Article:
My blog on the Oscars

Dear Friends on Weibo,

I know there is tremendous interest in the Oscars each year, and yet there is a lot of mystery or disinformation or false assumptions about exactly who organizes it, what the rules are, etc.

The Oscars, or Academy Awards, are organized by the Academy of Motion Picture Arts and Sciences. It an “invitation only” organization and I have been a member since 2002.

We are in the height of Oscar season, and I thought I would simply blog about some of the events I have been attending related to the Oscars.

Some basic facts first: The Academy is comprised of close to 6,000 members from 17 different branches – eg. Directors, producers, actors, editors, writers, cinematographers, etc. To become a member, you need to have fulfilled certain stringent requirements as to number of films worked on, or nominated, etc., and you need several letters of recommendation from Academy members.

Last year, a few interesting facts surfaced widely and became controversial. 94% of the members are Caucasian, and 77% are male. This is not surprising given the history of the industry, but it makes me feel all the more privileged to be a member. There are very, very few Asian members, and I can think of only one person that is also Chinese-speaking – Lisa Lu, Lu Yan, the wonderful elderly actress whom I worked with on Joy Luck Club.

Every film that has an official release in the US of a minimum of a week can qualify to be an Oscar contender. Each member can nominate films in his/her own category. As a member of the producing branch, I get to nominate “best film” awards. How great is that!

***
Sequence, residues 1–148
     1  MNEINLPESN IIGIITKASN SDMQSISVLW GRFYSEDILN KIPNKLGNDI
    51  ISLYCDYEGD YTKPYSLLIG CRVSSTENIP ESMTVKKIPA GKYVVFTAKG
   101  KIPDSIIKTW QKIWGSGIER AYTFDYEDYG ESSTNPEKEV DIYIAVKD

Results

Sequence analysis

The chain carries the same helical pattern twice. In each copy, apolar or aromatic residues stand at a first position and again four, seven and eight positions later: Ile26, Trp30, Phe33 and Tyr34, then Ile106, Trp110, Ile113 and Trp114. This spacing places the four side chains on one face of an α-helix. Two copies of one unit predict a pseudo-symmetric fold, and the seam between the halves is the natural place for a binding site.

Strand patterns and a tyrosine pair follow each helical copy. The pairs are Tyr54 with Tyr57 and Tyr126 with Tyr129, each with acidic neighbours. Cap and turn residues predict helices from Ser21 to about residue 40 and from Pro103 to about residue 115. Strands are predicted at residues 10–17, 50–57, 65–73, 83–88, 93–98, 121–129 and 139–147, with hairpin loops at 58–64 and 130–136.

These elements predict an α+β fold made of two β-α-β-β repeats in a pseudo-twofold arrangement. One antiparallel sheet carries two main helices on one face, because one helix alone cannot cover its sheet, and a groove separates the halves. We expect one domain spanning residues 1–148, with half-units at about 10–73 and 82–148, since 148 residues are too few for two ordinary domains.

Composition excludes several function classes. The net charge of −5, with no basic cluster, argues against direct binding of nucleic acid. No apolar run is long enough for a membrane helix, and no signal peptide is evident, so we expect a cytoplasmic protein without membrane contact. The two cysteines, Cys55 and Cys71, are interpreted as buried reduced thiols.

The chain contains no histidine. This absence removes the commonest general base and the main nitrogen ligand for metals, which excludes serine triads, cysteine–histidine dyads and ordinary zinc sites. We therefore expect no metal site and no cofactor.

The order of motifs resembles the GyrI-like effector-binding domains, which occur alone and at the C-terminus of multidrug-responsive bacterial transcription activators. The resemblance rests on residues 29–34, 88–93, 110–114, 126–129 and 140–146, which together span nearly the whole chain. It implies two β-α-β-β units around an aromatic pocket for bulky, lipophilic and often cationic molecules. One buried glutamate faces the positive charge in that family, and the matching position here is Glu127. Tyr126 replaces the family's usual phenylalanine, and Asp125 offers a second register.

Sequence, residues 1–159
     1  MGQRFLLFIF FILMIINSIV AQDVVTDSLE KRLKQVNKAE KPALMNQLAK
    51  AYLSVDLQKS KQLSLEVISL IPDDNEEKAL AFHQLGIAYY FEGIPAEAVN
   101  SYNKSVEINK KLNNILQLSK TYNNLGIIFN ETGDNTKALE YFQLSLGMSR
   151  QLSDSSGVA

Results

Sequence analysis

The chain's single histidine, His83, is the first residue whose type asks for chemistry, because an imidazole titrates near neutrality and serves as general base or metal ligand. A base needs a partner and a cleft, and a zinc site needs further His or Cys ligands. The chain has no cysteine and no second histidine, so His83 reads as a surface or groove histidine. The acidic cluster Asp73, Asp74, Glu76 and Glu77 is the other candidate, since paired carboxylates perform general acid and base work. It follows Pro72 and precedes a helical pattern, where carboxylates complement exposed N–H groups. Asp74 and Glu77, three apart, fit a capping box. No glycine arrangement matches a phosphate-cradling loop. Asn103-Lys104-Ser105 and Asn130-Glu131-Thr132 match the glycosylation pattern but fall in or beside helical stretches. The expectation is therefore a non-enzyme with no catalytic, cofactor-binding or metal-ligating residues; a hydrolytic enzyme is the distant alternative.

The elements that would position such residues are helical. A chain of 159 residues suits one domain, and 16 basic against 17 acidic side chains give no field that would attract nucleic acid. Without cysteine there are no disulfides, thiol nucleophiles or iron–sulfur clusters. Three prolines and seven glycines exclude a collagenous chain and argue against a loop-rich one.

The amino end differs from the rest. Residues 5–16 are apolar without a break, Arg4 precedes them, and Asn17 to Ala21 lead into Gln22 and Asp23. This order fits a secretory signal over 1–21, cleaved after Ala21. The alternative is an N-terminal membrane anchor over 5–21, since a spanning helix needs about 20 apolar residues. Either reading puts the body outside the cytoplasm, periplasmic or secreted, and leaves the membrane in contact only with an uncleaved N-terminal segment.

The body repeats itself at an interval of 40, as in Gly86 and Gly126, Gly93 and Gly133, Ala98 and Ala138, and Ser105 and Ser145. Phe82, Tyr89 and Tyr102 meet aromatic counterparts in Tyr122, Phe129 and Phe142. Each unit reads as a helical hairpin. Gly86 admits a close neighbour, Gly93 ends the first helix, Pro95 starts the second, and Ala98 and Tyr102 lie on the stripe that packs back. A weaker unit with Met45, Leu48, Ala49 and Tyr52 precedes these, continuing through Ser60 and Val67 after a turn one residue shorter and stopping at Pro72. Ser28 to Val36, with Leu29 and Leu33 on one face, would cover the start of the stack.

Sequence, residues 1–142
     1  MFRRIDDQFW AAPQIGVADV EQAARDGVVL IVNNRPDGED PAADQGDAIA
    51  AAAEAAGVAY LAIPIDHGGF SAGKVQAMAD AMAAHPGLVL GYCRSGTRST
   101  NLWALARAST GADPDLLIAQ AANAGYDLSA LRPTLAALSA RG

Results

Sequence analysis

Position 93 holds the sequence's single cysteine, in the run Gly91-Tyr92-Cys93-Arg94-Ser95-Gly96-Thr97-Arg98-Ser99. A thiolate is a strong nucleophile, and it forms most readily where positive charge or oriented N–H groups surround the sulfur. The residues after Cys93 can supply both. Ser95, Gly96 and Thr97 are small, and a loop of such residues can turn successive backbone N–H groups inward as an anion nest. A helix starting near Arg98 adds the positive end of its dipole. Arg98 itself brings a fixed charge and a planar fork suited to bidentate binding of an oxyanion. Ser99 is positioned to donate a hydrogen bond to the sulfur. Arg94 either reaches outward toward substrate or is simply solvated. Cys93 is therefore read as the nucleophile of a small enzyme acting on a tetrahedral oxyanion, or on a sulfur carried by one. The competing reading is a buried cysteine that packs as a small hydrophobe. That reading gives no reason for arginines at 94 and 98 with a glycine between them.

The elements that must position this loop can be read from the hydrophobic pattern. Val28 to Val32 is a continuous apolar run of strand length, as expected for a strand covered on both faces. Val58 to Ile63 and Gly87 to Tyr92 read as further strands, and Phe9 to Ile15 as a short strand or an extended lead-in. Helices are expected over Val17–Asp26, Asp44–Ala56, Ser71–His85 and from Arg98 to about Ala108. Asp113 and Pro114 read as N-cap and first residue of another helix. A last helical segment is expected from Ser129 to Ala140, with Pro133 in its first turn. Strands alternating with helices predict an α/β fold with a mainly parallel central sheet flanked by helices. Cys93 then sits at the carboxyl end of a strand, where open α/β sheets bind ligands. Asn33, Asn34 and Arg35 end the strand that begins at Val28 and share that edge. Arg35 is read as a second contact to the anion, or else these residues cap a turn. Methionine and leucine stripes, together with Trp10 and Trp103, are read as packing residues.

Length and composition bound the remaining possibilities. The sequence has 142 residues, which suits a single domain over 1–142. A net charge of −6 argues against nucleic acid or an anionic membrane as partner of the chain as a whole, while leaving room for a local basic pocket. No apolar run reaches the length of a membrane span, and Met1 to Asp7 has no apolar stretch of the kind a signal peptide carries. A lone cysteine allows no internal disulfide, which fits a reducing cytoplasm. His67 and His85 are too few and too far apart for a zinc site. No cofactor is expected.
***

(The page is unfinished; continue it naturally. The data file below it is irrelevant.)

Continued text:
Nominations are due towards the end of each year. After the all the nominations are tallied, the Academy publishes the top five in each category, except for “best film”, which as of the last several years, can be up to 10. This rule might change yet again.

After nominations in all 17 branches are publicized, then every Academy member gets to vote in every category!

Foreign films, which of course might have some special interest to my Chinese friends, are in a special category along with documentaries, animated movies, and shorts. A special committee decides on the nominations, but the films have to all be screened in person. I have been asked many times to be on the committee, but the number of films one has to see in a short period of time is huge, so I have never actually been able to nominate.

But I do get to vote for every nominated film in every category. And that makes me and every Academy member very popular to those who work on Oscar campaigns.

So at this time of year, I receive literally dozens and dozens of invitations to see a film, and then meet with the director and actors of that film, often over a lunch or at a reception. This provides rare access to some of this top talent. They are not surrounded by their handlers and are usually more open to chatting than usual.

In the last few weeks alone, I had the opportunity to see the following films, and then speak with the directors and actors involved:

– BRIDGE OF SPIES, directed Steven Spielberg, starring Tom Hanks. (Special for me because the very first film I worked on was EMPIRE OF THE SUN, directed by Steven, partially in Shanghai!)

– THE REVENANT, directed by Alejandro Inaritu, starring Leonardo DiCaprio.

FullSizeRender_FotorQ&A after screening (click to expand photo): Leonardo DiCaprio (First from left), Alejandro Inaritu (First from right)

– BLACK MASS, directed by Scott Cooper, starring Johnny Depp.

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I’m shy about asking for selfies — shot from a distance.

– ROOM, directed by Lenny Abramson, starring Brie Larson.

Each one of these films, while extremely different, is truly phenomenal in its own way. They all boast amazing performances, and they all have an unforgettable cinematic quality. It will be a tough year.

That’s all I will say for now. Please let me know what aspects of the Academy and Academy Awards you would be interested to know more about! I will do my best to keep you informed. Happy watching!

janet